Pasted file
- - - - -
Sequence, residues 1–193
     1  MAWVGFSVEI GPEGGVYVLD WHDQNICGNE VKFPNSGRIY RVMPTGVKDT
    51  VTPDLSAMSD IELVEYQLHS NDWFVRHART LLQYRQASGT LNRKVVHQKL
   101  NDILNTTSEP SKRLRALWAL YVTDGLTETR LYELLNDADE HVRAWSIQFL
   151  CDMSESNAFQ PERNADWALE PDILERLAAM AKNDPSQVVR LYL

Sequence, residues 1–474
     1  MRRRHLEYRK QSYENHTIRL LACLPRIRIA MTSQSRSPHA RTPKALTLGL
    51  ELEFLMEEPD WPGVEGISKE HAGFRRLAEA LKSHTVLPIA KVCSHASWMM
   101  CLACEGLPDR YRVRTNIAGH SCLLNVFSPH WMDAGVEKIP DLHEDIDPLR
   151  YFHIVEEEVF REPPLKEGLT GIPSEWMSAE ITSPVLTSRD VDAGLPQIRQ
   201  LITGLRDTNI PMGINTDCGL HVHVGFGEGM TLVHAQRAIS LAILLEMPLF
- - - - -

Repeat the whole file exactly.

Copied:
Sequence, residues 1–193
     1  MAWVGFSVEI GPEGGVYVLD WHDQNICGNE VKFPNSGRIY RVMPTGVKDT
    51  VTPDLSAMSD IELVEYQLHS NDWFVRHART LLQYRQASGT LNRKVVHQKL
   101  NDILNTTSEP SKRLRALWAL YVTDGLTETR LYELLNDADE HVRAWSIQFL
   151  CDMSESNAFQ PERNADWALE PDILERLAAM AKNDPSQVVR LYL

Sequence, residues 1–474
     1  MRRRHLEYRK QSYENHTIRL LACLPRIRIA MTSQSRSPHA RTPKALTLGL
    51  ELEFLMEEPD WPGVEGISKE HAGFRRLAEA LKSHTVLPIA KVCSHASWMM
   101  CLACEGLPDR YRVRTNIAGH SCLLNVFSPH WMDAGVEKIP DLHEDIDPLR
   151  YFHIVEEEVF REPPLKEGLT GIPSEWMSAE ITSPVLTSRD VDAGLPQIRQ
   201  LITGLRDTNI PMGINTDCGL HVHVGFGEGM TLVHAQRAIS LAILLEMPLF